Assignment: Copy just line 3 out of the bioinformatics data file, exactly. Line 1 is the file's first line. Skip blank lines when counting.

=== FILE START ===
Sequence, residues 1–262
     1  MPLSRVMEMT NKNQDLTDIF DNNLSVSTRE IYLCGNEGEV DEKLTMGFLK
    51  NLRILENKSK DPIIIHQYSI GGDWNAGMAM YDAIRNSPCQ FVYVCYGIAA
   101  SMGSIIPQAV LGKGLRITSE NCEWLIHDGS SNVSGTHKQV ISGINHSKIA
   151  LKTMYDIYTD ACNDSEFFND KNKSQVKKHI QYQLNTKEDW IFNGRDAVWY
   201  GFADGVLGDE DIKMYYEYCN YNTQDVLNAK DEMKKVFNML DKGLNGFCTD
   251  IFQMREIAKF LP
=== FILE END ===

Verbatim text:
    51  NLRILENKSK DPIIIHQYSI GGDWNAGMAM YDAIRNSPCQ FVYVCYGIAA